Condiment dispenser at KFC. There are three nozzles with a picture of a bottle underneath each one. One bottle is labeled Thai chili, another Tomato Sauce, and the other Chili Sauce.

We had a selection of sauces to choose from: Thai Chili Cause, Tomato Sauce, and Chili Sauce. I thought about trying one of each, but the attendant seemed to be limiting everyone’s sauce consumption. I grabbed the Tomato Sauce, expecting ketchup. It was not ketchup. It was a little more plain and a little sweeter.

KFC Chizza. Piece of fried chicken with a red sauce, a large helping of pineapple, and some sauteed onions. On top are thick dollops of white cheese that is sprinkled with basil and red pepper flakes.

And the main event, the KFC Chizza. It is a fried chicken breast, topped with “pizza sauce” (more of the weird tomato sauce), mozzarella cheese, pineapple, onion, basil, and red peppers. The onions were very good, but everything else was a bit “meh”. I think the most troublesome part was the chicken. Fried chicken does not make a good crust. With tendons and other textures, it is difficult to take a single, clean bite. Also, pineapple does not belong on pizza!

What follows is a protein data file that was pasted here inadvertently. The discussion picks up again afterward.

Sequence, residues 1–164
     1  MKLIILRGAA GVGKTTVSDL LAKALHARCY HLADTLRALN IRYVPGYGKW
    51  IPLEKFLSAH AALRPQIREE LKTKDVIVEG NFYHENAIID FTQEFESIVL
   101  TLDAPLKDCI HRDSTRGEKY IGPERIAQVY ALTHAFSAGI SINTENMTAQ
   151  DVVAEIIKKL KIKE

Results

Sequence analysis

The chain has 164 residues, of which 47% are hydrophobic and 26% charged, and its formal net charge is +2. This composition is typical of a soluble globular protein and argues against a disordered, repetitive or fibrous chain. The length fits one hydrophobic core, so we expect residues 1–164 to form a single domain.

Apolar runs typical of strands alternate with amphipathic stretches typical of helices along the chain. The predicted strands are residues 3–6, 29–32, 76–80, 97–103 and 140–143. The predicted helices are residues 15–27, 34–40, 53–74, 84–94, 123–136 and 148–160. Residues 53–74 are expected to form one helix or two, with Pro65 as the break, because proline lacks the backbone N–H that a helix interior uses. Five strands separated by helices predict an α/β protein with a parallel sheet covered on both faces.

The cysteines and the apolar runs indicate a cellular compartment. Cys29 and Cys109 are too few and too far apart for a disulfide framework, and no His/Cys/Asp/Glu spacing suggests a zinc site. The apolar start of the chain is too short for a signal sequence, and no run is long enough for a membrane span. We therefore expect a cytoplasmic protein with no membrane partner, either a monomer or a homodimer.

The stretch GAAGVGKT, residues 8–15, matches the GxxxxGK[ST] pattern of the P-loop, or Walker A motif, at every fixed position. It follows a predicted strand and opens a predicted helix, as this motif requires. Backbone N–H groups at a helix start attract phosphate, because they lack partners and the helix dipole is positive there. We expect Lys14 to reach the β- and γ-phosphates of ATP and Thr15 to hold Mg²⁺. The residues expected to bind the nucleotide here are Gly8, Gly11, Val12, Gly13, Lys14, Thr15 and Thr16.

Man attempting to eat KFC Chizza. Looks to be struggling with the white cheese. It looks very thick and difficult to bite through.

We cut the roof of our mouths on the crispy chicken, burnt our tongues on the molten cheese, and stung our nose with the loose red pepper flakes. Yet again, our KFC International meal was less than desirable, but that won’t keep me from trying whatever the specialty is in Thailand next month.

Today’s Adventure

“Some of these girls are really dressed up. Do you suppose it’s a private party?…. There are so many people here. It must be a super popular place… Check out that group of guys over there, they seem really friendly…” And so begins the story of how Josh and I found ourselves in…